[Catalyst] Why scaffolding? Validation and Learning

Max Afonov max.afonov at mlb.com
Thu Aug 17 18:42:03 CEST 2006

There's that, and there's also the ease of prototyping an application 
really, really fast when scaffolding is available. Without such 
scaffolding, you may end up taking a month to build a prototype. It 
certainly depends on the complexity of the project, however, speed may 
be more important in some cases. I am mostly referring to being able to 
say "I can show you something right now" to your manager/client/etc. 
Stuff like this really raises your level of credibility.

Another thought: is catalyst.pl not a form of scaffolding already? We 
don't create our application skeletons from scratch with our bare hands. 
Even the wisest samurai would never resort to such activity.

Not meaning to start a holy war,

Max Afonov
Perl developer
MLB Advanced Media

Zbigniew Lukasiak wrote:
> Dear all,
> First I hope Matt shall excuse me for restarting the discussion here - 
> but I'd like to  reach more Catalyst users then the limited number of 
> IRC dwellers.
> I would like you to imagine you in the position of a developer that 
> has some idea for a web project, thinking about trying a new web 
> programming framework.  There are many to choose from, or he can also 
> go the simple way and use CGI.pm or develop something for his own - 
> how would you decide?  Every framework is lots of code, lots of 
> documentation so it's not an easy task. After reading those mountains 
> of manuals you can discover that some limitations make the framework 
> not really fitting to your project (some related thoughts in 
> http://www.artima.com/weblogs/viewpost.jsp?thread=8826). This is that 
> risk that scaffolding mitigates - you generate your application with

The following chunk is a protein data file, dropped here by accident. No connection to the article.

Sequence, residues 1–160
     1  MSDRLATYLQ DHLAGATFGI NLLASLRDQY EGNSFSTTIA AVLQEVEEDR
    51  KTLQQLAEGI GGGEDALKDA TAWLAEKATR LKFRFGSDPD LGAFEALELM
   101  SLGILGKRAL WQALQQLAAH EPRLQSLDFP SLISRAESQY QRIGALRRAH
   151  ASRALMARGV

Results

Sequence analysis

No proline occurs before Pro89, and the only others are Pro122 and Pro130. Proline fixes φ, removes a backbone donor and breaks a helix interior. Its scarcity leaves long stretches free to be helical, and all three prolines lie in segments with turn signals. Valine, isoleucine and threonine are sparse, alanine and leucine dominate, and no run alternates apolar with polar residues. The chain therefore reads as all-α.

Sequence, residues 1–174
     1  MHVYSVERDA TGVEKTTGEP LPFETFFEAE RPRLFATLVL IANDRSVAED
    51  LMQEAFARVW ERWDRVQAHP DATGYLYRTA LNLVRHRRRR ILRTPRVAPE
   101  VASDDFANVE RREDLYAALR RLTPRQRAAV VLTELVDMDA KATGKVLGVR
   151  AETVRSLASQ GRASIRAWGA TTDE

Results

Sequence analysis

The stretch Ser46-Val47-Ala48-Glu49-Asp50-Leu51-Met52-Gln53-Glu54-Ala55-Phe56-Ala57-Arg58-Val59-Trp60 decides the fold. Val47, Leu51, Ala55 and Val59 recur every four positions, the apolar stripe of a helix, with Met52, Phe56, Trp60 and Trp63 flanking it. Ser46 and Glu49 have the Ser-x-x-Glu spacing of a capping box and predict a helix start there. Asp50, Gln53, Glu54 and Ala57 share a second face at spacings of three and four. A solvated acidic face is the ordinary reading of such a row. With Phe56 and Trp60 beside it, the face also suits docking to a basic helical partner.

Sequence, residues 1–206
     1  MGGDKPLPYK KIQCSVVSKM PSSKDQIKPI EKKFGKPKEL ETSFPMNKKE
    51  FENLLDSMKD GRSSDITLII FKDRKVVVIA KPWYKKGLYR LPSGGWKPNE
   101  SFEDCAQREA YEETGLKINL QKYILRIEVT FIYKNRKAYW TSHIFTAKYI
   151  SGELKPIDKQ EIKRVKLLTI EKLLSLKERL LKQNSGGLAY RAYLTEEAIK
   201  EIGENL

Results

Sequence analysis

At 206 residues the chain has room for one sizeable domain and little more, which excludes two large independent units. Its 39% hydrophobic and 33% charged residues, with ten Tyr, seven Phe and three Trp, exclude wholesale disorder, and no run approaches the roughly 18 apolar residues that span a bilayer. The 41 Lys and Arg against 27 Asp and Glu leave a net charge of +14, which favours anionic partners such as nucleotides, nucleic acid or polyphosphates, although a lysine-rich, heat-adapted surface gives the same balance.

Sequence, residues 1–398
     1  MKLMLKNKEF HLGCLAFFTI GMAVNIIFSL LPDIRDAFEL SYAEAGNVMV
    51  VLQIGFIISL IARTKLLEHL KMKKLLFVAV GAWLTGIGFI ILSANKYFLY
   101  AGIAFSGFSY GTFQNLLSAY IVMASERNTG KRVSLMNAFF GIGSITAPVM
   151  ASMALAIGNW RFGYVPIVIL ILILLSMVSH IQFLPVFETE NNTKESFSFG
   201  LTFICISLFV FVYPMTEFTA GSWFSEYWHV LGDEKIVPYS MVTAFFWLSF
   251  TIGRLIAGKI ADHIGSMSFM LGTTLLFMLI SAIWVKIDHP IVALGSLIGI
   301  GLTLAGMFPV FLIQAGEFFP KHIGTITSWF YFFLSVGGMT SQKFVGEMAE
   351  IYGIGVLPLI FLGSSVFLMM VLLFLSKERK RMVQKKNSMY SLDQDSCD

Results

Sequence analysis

> minimal effort and you have a working example tailored to your 
> database schema. You don't need to think if a example from the manual 
> can be adopted to your data structures - you have it adopted 
> automatically.  This is the first advantage of scaffolding - easy 
> evaluation.
> The other important advantage is that it helps in the learning 
> process.  You get a non trivial working example.  And again this 
> example is based on your database schema - from the starting point you 
> at once know much about the program.  You don't need to internalize 
> some the business rules of some unfamiliar application - the business 
> rules are yours - so at once you can start and play with it.  And a 
> good scaffolding will give you much space for simple but meaningful 
> modifications to tweak and play with.
> Of course there are also disadvantages to code generation. It is 
> impossible to come with a good schema to update the generated code 
> when you release a new version of the generator and we don't want the 
> programmers who use the scaffolding to be stuck forever to the version 
> that they used the first time.  One solution can be to limit the code 
> generator to really most trivial part and move all other logic into 
> traditional libraries that just happen to cooperate with the generated 
> code - and this is what I try to do with InstantCRUD.
> -- 
> Zbigniew Lukasiak
> http://brudnopis.blogspot.com/
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